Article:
When I was doing mobile service here in MN and we had -20 , -30 below F , I would make a map of all the calls and make a circle , take the battery out of the car , put it in the costumers house near heater , but the time I got done with the last one on the list , I would be back at the head of the line , put the warm battery back in , hold the throttle all the way to the floor [ for fuel injected engines , most any car made these days , that shuts the fuel supply off ] clearing the fowled plugs , as soon as I here the 1st firing , I let up on the throttle and the car starts .
    No need to charge battery , because with 80% capacity gone do to cold the costumer quits because the battery has nothing left , when it is warmed up , you just put 80% back in and batteries will bounce back a lot , because its a chemical storage device and it wants to equalize .
    Then as far as battery charges go , 1st never jump start a engine with any charger , I have repaired many chargers , they are not made to jump start a engine even so they say so on the outside .
    What happens on the inside is the high current pulled when jump starting causes a spot weld / burn through on the rectifier , after a number of jumps the rectifier is just gone / burnt away , I would get these for free from my Snap On dealer , put in a new rectifier and have a good charger for about $20 .
    If the battery is completely dead then it can take 100 - 150 amps for up to 15-20 minutes to get it to take charge , so the trickle charges are almost useless .
    As for the power supplies , there not made to put out the current a Flooded Lead Acid Battery needs to be recharged [ FLA batteries should be charged at the same rate that they were discharged ] , Power supplies are not built to put out max rating for long periods , such as charging batteries .
    Car batteries are designed to use at most 20% of there capacity and immediately be recharged .
    Were as Deep Cycles can be discharged up to 80% then recharged .
    All batteries have a cycle life , how many charge cycles before total failure , as an example if you kill your car battery about 20-50 times its dead .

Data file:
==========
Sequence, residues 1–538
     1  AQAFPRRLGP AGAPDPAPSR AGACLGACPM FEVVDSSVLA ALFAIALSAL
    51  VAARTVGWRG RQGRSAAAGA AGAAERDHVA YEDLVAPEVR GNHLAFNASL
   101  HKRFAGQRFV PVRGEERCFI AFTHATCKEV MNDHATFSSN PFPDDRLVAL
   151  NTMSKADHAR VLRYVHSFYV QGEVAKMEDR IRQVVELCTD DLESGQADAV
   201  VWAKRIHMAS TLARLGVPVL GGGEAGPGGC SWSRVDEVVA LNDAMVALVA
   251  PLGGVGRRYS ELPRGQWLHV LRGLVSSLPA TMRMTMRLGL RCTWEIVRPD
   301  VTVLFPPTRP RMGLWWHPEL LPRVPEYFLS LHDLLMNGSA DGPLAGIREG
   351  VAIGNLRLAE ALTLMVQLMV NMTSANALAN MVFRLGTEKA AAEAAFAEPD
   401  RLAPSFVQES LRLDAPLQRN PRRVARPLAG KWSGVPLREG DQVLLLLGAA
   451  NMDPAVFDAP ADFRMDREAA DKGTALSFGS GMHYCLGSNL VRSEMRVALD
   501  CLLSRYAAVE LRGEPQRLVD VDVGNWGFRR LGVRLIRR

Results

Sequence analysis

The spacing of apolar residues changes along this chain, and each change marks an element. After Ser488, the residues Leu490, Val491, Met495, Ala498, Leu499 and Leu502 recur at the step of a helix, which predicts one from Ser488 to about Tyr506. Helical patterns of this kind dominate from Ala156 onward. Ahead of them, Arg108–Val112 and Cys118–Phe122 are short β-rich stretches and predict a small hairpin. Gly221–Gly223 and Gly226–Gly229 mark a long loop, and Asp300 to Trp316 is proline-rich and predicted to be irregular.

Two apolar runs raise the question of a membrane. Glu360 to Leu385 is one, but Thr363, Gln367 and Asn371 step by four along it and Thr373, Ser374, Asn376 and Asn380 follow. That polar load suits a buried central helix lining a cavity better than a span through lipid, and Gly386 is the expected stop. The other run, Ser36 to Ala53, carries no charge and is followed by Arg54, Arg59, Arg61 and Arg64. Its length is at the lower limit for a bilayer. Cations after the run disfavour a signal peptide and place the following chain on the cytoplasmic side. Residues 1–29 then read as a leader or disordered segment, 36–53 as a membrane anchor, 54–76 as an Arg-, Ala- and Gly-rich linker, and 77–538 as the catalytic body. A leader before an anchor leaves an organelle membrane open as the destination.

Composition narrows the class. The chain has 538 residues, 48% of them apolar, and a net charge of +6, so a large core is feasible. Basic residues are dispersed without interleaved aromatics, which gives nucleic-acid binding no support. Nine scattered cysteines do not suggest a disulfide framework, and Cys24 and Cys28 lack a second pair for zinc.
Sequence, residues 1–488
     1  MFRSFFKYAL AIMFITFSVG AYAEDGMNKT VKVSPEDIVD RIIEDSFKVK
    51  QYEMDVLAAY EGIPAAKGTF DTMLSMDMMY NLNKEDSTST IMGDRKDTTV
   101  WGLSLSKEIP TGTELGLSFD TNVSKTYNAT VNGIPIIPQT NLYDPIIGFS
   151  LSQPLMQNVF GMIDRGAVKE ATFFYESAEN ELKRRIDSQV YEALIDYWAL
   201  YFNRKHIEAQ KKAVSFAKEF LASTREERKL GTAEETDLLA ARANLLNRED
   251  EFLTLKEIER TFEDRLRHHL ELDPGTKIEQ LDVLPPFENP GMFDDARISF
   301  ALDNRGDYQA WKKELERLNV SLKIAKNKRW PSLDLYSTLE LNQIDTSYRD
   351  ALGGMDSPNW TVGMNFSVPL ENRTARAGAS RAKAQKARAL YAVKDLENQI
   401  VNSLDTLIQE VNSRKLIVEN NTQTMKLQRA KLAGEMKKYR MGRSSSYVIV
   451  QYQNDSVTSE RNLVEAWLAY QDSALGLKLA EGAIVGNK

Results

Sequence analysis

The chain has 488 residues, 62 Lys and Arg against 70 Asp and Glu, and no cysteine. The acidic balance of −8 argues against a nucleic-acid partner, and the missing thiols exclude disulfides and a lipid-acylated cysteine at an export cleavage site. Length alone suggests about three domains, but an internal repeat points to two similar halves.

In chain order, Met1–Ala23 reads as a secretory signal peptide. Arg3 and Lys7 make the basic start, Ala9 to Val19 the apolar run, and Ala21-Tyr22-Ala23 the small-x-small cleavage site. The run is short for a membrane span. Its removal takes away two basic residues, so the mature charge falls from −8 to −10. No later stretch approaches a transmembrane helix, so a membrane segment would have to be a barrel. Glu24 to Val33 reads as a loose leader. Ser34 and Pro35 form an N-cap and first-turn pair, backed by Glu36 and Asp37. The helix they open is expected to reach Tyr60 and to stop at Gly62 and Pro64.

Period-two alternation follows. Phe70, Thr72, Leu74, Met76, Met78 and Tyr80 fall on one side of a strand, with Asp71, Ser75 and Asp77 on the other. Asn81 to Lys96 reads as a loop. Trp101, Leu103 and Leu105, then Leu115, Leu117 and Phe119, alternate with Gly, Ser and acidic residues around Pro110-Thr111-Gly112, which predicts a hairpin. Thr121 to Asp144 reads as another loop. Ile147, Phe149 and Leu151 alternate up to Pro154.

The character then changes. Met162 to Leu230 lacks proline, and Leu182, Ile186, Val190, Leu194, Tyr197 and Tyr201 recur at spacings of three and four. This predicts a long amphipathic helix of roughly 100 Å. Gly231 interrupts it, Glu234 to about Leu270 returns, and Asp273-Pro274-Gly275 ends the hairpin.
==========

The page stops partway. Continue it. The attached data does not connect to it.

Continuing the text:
Hope this helps many .
  9. KM3F

    KM3F Ham Member QRZ Page

    Using any DC supply to rechargw an auto battery

    Answering the original question about using a Ham supply to charge an auto battery.
    The ham supply is a constant voltage design with the only current limiting it 'may' have is an over current protection circuit.
    Answer is no by direct connection because you have no control over charge current.
    The full charge current is due to the dfference between the supply voltage and the battery voltage the same as it is in an auto charge circuit. Or said another way, the ratio in resistance/impedence between the two.
    You can use the supply if you provide a current limiting resistor in series to limit the current to a safe value the Ham supply can offer without overheating over the time it takes the battery to recover as it's voltage rises, meaning the difference between the supply and the battery becomes more equal.
    Current limiting accross a series resistor occurs because there is a drop in voltage accross the limiting resistor from the current attempting to flow through it. The resistor wattage size must be high enough to handle the power dissapation.
    (Edrop times the I through the resistor = power dissapation).
    There you have the basic why and how to, if you can come up with the limiting resistor and monitor the battery voltage with a volt meter to tell when it comes up to normal level of about 14 volts or the supply output voltage and stop the charge process..
    From the above you can see it will take longer to recharge a battery this way as opposed to an auto charge system that often has as much as 100 amps to start the charge before taper begins. A Charger also has the limiting needed as well as current capacity depending on it's design capacity.
    If a battery has been frozen such that the plates have been damaged, all bets are off as to the success of recharging. Remember that even one bad cell will never let the total voltage rise to normal full charge level making the battery look like is never stops charging.
    Good luck.
  10. N3EF

    N3EF Ham Member QRZ Page

    I would love to know how to make a wheatstone bridge out of four diodes